US President Donald Trump’s administration slapped a 25% import tariff on Scotch whisky on October 18 and unveiled plans on December 12 to increase that tax to 100%, with a consultation on the proposals closing last week.

News of the potential increase came just days after the World Trade Organisation (WTO) found in America’s favour in the ongoing tit-for-tat retaliations over state subsidies for Airbus.

The EU lodged a further appeal on December 6, on which the WTO is due to rule by March.

But the situation became more complicated the following week when the WTO’s appeals body stopped accepting new cases after the US blocked the appointment of judges and called for a wholesale review of the appeals process.

A timely reminder of how messy trade wars can get.

March 11: Budget bother

One of the knock-on effects of the UK’s delayed exit from the European Union and last month’s Westminster general election was the postponement of Chancellor Sajid Javid’s maiden Budget, which had been due to take place on November 6.

One politician keener than most to find out what’s in Javid’s red box is Scottish Finance Secretary Derek Mackay. The Scottish Government last month postponed the publication of its own budget from December 12 until “after Christmas”.

Time is marching on – Javid has now picked March 11, which was the deadline for local authorities to set their council tax rates. Cue the Benny Hill theme at Holyrood as the Scottish Parliament tries to pass a budget bill before the end of the month.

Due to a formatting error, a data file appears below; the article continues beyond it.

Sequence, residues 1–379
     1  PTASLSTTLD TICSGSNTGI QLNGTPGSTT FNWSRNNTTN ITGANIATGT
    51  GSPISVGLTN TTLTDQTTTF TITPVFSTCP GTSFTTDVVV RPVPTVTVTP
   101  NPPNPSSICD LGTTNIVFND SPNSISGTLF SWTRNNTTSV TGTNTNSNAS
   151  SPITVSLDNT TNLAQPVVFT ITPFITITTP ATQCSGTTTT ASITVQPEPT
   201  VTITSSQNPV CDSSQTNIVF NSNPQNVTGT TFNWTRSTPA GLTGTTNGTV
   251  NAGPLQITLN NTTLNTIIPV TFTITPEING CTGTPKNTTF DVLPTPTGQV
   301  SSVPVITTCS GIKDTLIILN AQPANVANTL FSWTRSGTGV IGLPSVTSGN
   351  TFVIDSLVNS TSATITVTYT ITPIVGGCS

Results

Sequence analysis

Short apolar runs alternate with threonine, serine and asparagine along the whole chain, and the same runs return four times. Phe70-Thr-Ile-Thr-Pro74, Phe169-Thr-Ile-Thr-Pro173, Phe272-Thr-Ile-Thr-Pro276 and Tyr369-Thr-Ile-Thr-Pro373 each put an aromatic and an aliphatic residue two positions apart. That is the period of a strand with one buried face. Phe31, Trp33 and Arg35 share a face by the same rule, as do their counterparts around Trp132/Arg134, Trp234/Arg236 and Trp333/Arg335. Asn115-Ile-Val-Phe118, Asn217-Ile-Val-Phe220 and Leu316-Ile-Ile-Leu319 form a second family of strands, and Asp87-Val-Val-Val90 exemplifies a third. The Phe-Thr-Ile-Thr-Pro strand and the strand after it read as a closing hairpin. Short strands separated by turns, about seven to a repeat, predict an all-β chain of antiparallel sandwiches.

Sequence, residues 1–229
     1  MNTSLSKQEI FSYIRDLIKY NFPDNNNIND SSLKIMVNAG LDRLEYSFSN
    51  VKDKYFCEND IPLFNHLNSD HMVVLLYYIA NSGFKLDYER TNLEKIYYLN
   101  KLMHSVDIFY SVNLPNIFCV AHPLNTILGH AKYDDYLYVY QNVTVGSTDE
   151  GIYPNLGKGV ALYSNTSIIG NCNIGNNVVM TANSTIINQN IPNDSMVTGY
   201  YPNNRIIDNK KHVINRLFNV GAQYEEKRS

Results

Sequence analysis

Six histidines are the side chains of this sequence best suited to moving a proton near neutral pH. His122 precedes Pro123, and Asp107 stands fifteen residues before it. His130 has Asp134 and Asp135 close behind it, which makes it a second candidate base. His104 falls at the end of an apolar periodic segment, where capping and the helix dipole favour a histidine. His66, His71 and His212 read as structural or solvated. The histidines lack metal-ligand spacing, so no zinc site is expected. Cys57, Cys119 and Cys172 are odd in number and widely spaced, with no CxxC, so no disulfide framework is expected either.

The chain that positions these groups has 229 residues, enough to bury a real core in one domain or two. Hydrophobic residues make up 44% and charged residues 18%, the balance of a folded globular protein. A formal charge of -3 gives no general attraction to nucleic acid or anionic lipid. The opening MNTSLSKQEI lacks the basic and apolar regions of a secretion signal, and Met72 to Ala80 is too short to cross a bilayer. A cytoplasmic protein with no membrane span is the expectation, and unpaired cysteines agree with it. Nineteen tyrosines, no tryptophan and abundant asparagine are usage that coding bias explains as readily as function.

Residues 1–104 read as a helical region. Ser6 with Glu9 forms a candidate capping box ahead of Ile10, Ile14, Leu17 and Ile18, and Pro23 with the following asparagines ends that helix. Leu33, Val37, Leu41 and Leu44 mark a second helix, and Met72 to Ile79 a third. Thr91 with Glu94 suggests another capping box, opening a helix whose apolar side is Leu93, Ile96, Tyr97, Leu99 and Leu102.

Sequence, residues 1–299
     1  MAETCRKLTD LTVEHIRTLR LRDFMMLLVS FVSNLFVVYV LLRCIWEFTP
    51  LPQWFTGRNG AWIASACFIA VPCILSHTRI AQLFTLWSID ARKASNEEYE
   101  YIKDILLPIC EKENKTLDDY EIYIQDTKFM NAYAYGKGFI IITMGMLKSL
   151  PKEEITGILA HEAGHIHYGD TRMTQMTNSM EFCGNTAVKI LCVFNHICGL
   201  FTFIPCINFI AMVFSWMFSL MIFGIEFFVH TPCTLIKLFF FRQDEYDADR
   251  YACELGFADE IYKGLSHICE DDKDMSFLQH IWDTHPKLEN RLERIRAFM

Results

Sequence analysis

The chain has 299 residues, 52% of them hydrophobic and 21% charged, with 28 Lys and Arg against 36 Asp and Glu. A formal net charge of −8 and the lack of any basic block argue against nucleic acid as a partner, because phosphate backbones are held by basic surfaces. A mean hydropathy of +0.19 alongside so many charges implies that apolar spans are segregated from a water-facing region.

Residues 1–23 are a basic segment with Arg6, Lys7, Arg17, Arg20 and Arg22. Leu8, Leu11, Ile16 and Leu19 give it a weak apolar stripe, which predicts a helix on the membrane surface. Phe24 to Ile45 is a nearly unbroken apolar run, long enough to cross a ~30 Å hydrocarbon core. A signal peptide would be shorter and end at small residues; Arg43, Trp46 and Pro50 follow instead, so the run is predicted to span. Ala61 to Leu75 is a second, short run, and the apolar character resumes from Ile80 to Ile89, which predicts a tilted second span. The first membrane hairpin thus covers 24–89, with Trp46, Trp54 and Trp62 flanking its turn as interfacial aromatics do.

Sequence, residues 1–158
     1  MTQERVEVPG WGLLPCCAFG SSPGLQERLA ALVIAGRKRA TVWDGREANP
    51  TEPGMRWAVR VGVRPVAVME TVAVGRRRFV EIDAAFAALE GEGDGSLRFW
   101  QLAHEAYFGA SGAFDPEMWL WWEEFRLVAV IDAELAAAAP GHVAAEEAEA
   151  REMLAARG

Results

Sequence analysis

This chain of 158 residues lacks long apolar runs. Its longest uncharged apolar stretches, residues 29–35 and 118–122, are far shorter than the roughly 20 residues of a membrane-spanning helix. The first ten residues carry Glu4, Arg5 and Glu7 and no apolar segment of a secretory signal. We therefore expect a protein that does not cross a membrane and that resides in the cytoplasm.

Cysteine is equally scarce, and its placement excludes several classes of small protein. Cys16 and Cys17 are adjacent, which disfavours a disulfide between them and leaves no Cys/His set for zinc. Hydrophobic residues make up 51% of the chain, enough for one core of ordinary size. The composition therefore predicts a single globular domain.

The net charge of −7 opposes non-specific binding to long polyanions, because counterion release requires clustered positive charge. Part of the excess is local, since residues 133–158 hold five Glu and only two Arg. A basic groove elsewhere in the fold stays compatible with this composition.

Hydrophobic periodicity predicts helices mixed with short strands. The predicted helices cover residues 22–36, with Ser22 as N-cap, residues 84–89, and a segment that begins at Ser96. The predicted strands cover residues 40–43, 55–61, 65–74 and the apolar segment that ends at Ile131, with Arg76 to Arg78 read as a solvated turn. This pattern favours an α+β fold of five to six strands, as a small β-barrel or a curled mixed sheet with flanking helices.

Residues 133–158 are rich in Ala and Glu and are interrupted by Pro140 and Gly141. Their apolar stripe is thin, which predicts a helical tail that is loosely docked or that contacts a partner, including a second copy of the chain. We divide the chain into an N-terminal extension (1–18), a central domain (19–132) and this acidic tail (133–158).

May 31: A9 dualling

Anyone who has had to venture south from the Highlands to Perth over the past few years can’t help but have noticed the ongoing £3 billion programme to upgrade the A9 from single to dual carriageways.

Thirty miles of the road between Inverness and Perth already has two lanes, but the remaining 80 miles will be upgraded by 2025 under the target set for Transport Scotland by the Scottish Government.

The next key milestone comes on May 31, when the traffic order runs out for that wee mini-roundabout near the Bankfoot South junction on the Luncarty to Pass of Birnam section.

September 21: Business week

Inverness Chamber of Commerce will kick off its annual Highland Business Week on September 21, with a series of events including seminars and networking sessions.

One of the highlights will be the Highland Spotlight Business Exhibition, which takes place at the Kingsmills Hotel in Inverness on September 22, with space for 65 exhibitors and the promise of bringing together buyers and suppliers for products and services.

Rounding off the eighth week of events will be the Highland Business Awards at Inverness’s Drumossie Hotel on September 25, with prizes being handed out in 12 categories.

November 20-21: Goodbye Elton

Long journeys sitting in the back of a Volvo 240 estate would not have been the same without an Elton John tape whirring on the cassette player.

Now, it’s time to bid goodbye to the veteran singer-songwriter as his Farewell Yellow Brick Road tour rolls into the P&J Live in Aberdeen for two nights in November.

Big-name concerts such as Elton’s final tour are a great opportunity for small businesses – whether it is accommodation providers or food and drink outlets, there’s the chance to cash-in on visitors coming to the city.

Maybe there’s even room for an Elton John-themed cocktail on the menu or a “Crocodile Rock” disco night in the bar?